• The r.p.m. at which the propeller is to operate is adjusted in the governor head
      • The pilot changes this setting by changing the position of the governor rack through the cockpit propeller control
      • On some constant-speed propellers, changes in pitch are obtained by the use of an inherent centrifugal twisting moment of the blades that tends to flatten the blades toward low pitch, and oil pressure applied to a hydraulic piston connected to the propeller blades which moves them toward high pitch
      • Another type of constant-speed propeller uses counterweights attached to the blade shanks in the hub
      • Governor oil pressure and the blade twisting moment move the blades toward the low pitch position, and centrifugal force acting on the counterweights moves them (and the blades) toward the high pitch position
      • In the first case above, governor oil pressure moves the blades toward high pitch, and in the second case, governor oil pressure and the blade twisting moment move the blades toward low pitch
      • A loss of governor oil pressure, therefore, will affect each differently
      • Airplane Flying Handbook, Blade Angle Range
        Airplane Flying Handbook, Blade Angle Range
      • Airplane Flying Handbook, Blade Angle Range
        Airplane Flying Handbook, Blade Angle Range
    • Governing Range:

      • The range of possible blade angles is termed the propeller's governing range
      • The governing range is defined by the limits of the propeller blade's travel between high and low blade angle pitch stops
      • The blade angle range for constant-speed propellers varies from about 11.5 to 40°
      • The higher the speed of the airplane, the greater the blade angle range [Figure 2]
      • As long as the propeller blade angle is within the governing range and not against either pitch stop, a constant engine r.p.m. will be maintained
      • However, once the propeller blade reaches its pitch-stop limit, the engine r.p.m. will increase or decrease with changes in airspeed and propeller load similar to a fixed-pitch propeller
      • If it reduces pitch to low pitch stops, then any further reduction in airspeed will cause the engine r.p.m. to decrease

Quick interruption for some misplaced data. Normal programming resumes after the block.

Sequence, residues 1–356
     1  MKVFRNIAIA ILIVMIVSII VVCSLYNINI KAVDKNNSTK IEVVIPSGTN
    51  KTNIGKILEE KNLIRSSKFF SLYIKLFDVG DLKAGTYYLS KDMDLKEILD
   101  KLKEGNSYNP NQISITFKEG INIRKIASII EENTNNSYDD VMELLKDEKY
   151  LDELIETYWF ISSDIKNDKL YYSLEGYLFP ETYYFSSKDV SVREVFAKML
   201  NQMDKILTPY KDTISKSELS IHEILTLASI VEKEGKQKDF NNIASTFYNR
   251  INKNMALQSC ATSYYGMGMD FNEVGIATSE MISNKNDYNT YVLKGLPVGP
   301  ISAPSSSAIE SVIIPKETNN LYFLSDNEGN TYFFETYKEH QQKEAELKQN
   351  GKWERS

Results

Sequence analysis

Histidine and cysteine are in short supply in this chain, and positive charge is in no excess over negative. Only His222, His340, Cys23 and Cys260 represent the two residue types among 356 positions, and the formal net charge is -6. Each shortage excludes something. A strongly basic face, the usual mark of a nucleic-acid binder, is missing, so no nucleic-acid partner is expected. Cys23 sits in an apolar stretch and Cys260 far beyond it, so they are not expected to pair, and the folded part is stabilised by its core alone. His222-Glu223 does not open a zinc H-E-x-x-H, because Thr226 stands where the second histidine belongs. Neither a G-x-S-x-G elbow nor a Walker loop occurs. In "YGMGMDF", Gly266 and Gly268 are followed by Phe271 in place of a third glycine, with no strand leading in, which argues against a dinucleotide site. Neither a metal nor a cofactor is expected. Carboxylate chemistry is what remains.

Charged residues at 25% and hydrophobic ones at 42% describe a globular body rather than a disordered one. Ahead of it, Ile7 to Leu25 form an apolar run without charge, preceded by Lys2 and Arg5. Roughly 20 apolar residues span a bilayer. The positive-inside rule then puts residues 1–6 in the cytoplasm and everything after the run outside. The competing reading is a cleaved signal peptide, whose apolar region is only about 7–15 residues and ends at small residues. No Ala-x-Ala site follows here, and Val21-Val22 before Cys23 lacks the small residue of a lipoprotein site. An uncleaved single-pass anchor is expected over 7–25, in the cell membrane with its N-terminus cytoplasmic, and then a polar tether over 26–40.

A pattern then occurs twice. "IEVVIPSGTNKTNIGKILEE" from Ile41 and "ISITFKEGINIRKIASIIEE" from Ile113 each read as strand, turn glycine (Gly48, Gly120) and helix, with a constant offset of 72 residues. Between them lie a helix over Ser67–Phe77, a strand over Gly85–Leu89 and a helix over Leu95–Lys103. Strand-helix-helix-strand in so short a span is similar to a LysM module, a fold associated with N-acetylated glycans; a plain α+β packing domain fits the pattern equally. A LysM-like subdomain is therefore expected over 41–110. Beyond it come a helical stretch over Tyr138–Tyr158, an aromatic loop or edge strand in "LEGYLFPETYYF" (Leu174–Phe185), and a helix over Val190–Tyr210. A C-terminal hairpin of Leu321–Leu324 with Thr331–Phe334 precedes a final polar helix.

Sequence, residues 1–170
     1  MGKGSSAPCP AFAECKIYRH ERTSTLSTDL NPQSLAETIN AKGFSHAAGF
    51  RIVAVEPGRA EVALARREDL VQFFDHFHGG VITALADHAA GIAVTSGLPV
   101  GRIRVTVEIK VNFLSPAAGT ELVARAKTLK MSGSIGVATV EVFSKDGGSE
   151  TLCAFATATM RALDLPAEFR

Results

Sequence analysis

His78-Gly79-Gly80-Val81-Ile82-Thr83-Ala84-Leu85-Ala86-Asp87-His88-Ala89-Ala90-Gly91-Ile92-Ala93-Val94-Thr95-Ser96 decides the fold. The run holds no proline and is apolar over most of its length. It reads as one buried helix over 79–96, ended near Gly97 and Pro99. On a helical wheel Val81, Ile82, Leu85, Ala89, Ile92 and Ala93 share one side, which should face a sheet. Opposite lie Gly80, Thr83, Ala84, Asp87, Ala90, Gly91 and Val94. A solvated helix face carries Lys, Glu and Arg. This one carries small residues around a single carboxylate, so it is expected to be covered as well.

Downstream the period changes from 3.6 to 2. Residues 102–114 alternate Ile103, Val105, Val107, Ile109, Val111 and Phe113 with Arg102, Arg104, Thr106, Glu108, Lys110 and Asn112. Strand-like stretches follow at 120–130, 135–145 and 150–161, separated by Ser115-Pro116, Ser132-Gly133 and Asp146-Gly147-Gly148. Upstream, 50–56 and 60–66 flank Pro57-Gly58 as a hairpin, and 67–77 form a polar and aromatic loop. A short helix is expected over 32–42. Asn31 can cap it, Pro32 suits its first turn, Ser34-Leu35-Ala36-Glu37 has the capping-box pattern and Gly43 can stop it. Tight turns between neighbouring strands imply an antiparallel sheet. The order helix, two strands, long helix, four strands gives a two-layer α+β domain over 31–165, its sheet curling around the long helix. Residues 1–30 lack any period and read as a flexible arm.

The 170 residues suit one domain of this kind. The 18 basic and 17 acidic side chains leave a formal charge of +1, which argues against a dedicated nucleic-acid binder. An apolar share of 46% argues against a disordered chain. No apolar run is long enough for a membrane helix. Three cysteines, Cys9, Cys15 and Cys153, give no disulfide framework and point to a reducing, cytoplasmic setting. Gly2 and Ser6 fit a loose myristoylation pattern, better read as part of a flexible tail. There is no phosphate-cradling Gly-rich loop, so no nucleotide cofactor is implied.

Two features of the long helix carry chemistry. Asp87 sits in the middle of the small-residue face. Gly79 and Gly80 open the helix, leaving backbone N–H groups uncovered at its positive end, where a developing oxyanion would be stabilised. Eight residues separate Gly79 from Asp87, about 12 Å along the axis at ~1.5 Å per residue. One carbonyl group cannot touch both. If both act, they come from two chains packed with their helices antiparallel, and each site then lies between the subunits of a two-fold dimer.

• Conversely, if the airspeed increases, the propeller blade angle will increase until the high pitch stop is reached then the engine r.p.m. will then begin to increase
      • Propeller, Constant Speed Propeller System
        Propeller, Constant Speed Propeller System
      • Propeller, Constant Speed Propeller System
        Propeller, Constant Speed Propeller System
      • McGraw Hill, Position of Propeller at Various Stages
        McGraw Hill, Position of Propeller at Various Stages
      • McGraw Hill, Position of Propeller at Various Stages
        McGraw Hill, Position of Propeller at Various Stages

    Propeller Instrumentation:

    • Tachometer:

      • Pilot Handbook of Aeronautical Knowledge, Tachometer
        Pilot Handbook of Aeronautical Knowledge, Tachometer
      • Pilot Handbook of Aeronautical Knowledge, Tachometer
        Amazon, Hand-held Digital Tachometer
      • In a fixed-pitch propeller, the tachometer is the indicator of engine power [Figure 2]
      • Calibrated in hundreds of RPM giving a direct indication of the engine and propeller RPM
      • The RPM is regulated by the throttle, which controls the fuel/air flow to the engine
      • At a given altitude, the higher the tachometer reading, the higher the power output of the engine
      • As altitude changes, the position of the throttle must be changed to maintain the same RPM due to lower engine output caused by a change in air density (higher/lower density altitude)
        • As altitude is increased, the throttle must be opened further to indicate the same RPM as at a lower altitude
        • As altitude is decreased, the throttle must be closed further to indicate the same RPM as at a higher altitude
      • The red line on the tachometer not only indicates maximum allowable r.p.m.; it also indicates the r.p.m. required to obtain the engine's rated horsepower
      • The green arc on the tachometer indicates the normal operating range
        • When developing power in this range, the engine drives the propeller
        • Below the green arc, however, it is usually the windmilling propeller that powers the engine
        • Prolonged operation below the green arc can be detrimental to the engine
      • Pilot Handbook of Aeronautical Knowledge, Tachometer
        Pilot Handbook of Aeronautical Knowledge, Tachometer
      • Pilot Handbook of Aeronautical Knowledge, Tachometer